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Author Topic: Carbon Dioxide in the Winter  (Read 6204 times)

Offline pirunner

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Carbon Dioxide in the Winter
« on: 07/10/2007 03:40:08 »
It is quite obvious that when trees loose their leaves in the winter their photosynthesis rate (and therefore CO2 absorption)slows dramatically (or even ceases). Does this have any measurable effect on the CO2 or O2 percentage in the air? Granted, it is always winter somewhere, so there should not really be any worldwide change. Furthermore, the majority of the world's oxygen is produced in the rainforests, where there is essential no winter anyway.

But, where winter does exist, is there a measurable change, or does the worldwide level sufficiently diffuse to cancel everything out? Do summer regions have a higher oxygen percentage and winter regions a lower?


 

another_someone

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Carbon Dioxide in the Winter
« Reply #1 on: 07/10/2007 10:44:21 »
I would question a number of assumptions in the above.

Most critically, I do not believe most CO2 is absorbed in the rainforests.  There is even doubt as to whether rainforests are a net consumer of CO2.  Mature forests generally do not consume more carbon than they release (i.e. while trees may absorb CO2, as the trees decay, whether through microbial action, or through animal ingestion, they will release this carbon back into the atmosphere).  Young forests, where trees are growing faster than they are decaying, will have a nett absorption of carbon, but rainforests cannot generally be seen as young forests.

In order to remove carbon from the atmosphere for the long term, carbon has to somehow be removed from being accessible to animals, either by being laid down as sediment on the ocean floors, or by being incorporated into peat bogs, or some similar process.

It should also be remembered that photosynthesis happens in many organisms, from grasses, to mosses and algae, not only through trees.


In general, it is inevitable (whether or not trees lose their leaves) that photosynthesis should reduce during the winter months, simply because there is less sunlight through the winter months.  The question is as to where greater photosynthesis is happening, in the southern hemisphere (with its large oceans, and more marine algae), or in the northern hemisphere (much greater land masses), so which winter is the more significant (that of the north or that of the south)?  Then you have the additional issue that as the oceans get colder in winter, they will dissolve more CO2, and as they get warmer in the summer they will release some of this CO2 back into the atmosphere (this is also made more difficult to judge because of the complexities of the ocean currents).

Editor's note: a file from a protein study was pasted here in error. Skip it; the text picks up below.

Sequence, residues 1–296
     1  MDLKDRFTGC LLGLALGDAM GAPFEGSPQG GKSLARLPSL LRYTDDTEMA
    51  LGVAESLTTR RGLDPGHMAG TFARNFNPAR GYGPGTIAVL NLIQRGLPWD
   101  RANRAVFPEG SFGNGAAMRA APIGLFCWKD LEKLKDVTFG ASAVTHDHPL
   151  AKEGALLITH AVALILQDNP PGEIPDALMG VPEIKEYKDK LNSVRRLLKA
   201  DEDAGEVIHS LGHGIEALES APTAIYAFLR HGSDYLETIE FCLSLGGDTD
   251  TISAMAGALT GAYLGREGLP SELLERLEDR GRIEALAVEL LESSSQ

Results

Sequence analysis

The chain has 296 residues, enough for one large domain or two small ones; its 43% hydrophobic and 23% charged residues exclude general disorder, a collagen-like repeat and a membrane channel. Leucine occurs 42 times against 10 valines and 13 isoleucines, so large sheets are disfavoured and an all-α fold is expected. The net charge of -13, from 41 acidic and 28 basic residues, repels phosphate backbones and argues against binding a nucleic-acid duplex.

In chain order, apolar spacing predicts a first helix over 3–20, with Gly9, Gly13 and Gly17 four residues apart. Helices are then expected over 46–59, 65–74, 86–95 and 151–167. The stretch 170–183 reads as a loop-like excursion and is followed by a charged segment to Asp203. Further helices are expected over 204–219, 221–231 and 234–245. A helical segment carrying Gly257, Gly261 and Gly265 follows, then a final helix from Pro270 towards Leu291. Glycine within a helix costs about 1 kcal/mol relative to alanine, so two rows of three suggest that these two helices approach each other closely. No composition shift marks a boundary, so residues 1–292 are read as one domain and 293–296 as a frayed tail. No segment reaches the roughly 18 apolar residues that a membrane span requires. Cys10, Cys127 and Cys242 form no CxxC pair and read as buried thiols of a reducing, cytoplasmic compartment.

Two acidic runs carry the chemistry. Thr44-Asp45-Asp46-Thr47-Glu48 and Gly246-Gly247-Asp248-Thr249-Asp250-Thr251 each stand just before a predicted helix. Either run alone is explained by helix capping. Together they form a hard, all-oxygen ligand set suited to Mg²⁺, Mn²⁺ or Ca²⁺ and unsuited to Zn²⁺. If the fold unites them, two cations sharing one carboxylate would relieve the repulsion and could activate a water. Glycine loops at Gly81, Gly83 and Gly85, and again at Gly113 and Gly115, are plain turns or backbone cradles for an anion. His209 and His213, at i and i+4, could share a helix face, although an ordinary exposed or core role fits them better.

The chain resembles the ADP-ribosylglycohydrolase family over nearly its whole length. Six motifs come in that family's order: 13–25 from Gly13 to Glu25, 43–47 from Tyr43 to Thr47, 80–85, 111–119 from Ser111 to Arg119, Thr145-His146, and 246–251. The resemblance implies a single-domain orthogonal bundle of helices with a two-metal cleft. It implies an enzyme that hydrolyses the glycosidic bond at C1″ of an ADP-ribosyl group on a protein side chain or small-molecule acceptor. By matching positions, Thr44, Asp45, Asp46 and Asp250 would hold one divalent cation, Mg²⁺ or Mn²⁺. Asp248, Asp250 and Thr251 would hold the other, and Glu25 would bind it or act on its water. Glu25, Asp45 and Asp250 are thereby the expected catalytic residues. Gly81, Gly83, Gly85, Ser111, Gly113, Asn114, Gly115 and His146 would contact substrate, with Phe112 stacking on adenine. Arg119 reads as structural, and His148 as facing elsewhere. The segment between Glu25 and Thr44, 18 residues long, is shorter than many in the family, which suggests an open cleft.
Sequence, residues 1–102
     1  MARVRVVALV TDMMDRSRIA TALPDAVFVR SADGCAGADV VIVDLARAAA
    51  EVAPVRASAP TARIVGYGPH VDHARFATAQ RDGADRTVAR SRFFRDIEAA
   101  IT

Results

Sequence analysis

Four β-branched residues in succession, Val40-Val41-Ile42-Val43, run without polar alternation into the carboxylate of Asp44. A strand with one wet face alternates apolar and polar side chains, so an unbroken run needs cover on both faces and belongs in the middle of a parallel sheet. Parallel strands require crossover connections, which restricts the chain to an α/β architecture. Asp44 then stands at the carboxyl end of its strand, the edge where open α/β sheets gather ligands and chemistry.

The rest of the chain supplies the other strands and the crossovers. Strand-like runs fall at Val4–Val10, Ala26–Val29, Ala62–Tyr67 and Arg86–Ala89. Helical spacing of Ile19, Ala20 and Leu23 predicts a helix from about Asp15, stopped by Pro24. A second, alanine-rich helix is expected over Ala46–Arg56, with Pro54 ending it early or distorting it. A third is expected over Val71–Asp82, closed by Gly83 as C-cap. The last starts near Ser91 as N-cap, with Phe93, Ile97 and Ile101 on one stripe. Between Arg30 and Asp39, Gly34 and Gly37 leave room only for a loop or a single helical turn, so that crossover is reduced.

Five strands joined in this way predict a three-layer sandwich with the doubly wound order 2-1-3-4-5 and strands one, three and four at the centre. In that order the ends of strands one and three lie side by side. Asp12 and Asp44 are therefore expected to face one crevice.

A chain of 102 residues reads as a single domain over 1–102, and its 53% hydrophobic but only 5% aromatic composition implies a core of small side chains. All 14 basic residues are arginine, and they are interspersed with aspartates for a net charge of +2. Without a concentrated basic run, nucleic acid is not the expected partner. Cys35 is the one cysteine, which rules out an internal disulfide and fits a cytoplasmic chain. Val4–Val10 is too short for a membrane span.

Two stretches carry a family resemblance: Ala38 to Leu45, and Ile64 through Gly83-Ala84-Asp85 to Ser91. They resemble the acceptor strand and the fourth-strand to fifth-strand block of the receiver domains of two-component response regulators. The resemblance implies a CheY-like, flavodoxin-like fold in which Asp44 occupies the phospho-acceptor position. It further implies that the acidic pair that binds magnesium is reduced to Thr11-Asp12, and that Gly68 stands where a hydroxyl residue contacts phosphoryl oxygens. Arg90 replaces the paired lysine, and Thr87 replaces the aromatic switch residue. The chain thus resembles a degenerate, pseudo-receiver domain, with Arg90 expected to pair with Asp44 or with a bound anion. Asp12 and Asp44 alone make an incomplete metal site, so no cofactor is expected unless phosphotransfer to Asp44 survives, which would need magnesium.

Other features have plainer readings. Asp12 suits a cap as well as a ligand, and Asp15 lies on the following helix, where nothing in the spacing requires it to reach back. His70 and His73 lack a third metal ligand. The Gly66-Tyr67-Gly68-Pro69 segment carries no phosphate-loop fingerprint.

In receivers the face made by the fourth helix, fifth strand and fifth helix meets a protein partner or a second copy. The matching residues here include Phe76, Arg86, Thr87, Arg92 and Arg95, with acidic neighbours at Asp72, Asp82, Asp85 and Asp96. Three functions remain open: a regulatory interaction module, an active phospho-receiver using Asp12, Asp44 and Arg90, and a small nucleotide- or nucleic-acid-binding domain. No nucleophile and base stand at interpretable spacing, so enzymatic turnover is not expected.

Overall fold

Additional factors that you have to take into account is the increase in forest fires in summer (and peat fires), and seasonal changes in human activity.  Both of these factors are primarily terrestrial, and so will have a greater dependence on the seasons in the northern hemisphere, where there are greater land masses.
 

paul.fr

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Carbon Dioxide in the Winter
« Reply #2 on: 07/10/2007 11:21:50 »
I think two things need to be clarified, those being absorption and storage of co2.

Rainforests, and large woodlands are good co2 sinks (storage), the problem is that they do not absorb too much new co2. They have all but reached their storage capacity.

This is why there are campaigns to save the rainforests, not because of what co2 they can absorb. but the levels they will release if felled.

With reguard to absorption, the grasses are the best at doing the job. again there is a but. that being grasses die seasonally and release the co2 they have stored, although during the time they are "alive" they do convert co2 in to usable carbon compounds.
 

Offline Bored chemist

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Carbon Dioxide in the Winter
« Reply #3 on: 07/10/2007 14:41:38 »
The simple answer is yes, there is a measurable seasonal change to overall CO2 levels.
 

another_someone

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Carbon Dioxide in the Winter
« Reply #4 on: 07/10/2007 18:23:16 »
The simple answer is yes, there is a measurable seasonal change to overall CO2 levels.

Of itself, this does not surprise me - what I am more dubious about is whether this is simply down to leaf fall from trees, since there are are such a wide variety of seasonal effects that should affect CO2.

One question that would be interesting is whether the differences are global, hemispherical, or continental in nature (and even what the correlation between season and CO2 is - simply saying there are seasonal changes does not tell us whether it rises (due to reduced photosynthesis) in winter, or whether it rises during the summer (due to greater CO2 production by both humans and animals, and CO2 coming out of solution in the warmer ocean currents)?
 

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Carbon Dioxide in the Winter
« Reply #4 on: 07/10/2007 18:23:16 »

 

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